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Language is a Communications Technology, not some SEO Tactic

When I first wrote about the Wisdom of the Language almost a decade ago, I realized that many people would probably think the idea was odd, and perhaps even revolutionary. I think perhaps I was also too much involved with rather “technical” details — and therefore many people didn’t seem to “get it” right off the bat. It’s really a very simple idea: A site named “X” is about “X”.

I named the concept the Wisdom of the Language in order to contrast it with the Wisdom of the Crowds, a book that was very popular at the time (and which is sort of the basis for algorithmic search methods like those employed by Google). As I wrote back then, crowds are a sign of significance (and perhaps also something like credibility), but they are not a measure of relevance.

Although this technology is quite simple and straightforward, language is also a very complex phenomenon. People who are not well-versed in how language works may not see the forest for the trees — and therefore they may easily get lost. This is especially the case for people who do not have much experience in comparing and evaluating a plethora of media and information sources. Many people have rather limited media literacy skills, and really do need the guidance of a trained information specialist (which had for over a century been the role of professional librarians).

Starting about a decade ago, people began to think they no longer needed trained professionals to help and guide them. Now they felt ready, willing and able to discover facts by themselves — or rather with the help of an algorithm that would spit out objective “results”. Some people still to this day think the results this program returns are objective facts. They naively believe Google much like earlier generations blindly followed a Pope or presented their questions to some oracle or other magical power. They still do not realize that the primary purpose of Google is for the company to maximize its profits.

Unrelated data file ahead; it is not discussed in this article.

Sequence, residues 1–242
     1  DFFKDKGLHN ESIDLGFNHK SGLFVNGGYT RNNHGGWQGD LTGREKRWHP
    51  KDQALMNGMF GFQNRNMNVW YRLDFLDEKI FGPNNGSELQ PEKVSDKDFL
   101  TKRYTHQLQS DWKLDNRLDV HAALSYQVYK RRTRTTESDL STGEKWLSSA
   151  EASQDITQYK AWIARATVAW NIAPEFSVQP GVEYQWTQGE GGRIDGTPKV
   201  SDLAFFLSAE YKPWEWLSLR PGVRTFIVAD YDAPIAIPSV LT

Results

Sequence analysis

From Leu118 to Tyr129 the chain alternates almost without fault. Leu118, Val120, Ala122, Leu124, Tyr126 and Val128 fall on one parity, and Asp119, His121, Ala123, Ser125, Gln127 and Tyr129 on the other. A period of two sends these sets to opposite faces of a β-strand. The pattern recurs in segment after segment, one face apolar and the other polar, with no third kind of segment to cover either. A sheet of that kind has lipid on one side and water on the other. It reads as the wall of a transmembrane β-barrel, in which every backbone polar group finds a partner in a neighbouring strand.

Now as most people use Google to type in the name of the website they want to visit (for example: Amazon), there is a common and also a reasonable misconception that the name of a site can be used as a way to “optimize” it for search engines (such that when someone types in “hotels” or “weather”, the top results in a search engine might very well be a site like or

While that may be true, that is actually not the main reason why the Wisdom of the Language works better than the Wisdom of the Crowds. Using the Wisdom of the Language, a brand-name website like Google will actually ultimately become superfluous. As people become aware of the fact that has reliable information about weather, and that has reliable information about hotels, they will no longer need to search for “weather” or “hotels” at the Google website. Instead, they can skip that detour and go directly to the information source.

Most people still do not have the media literacy skills to be able to reliably evaluate the quality of information different websites provide — but it is getting better, slowly but surely (and many Wisdom of the Language websites are helping to pave the way).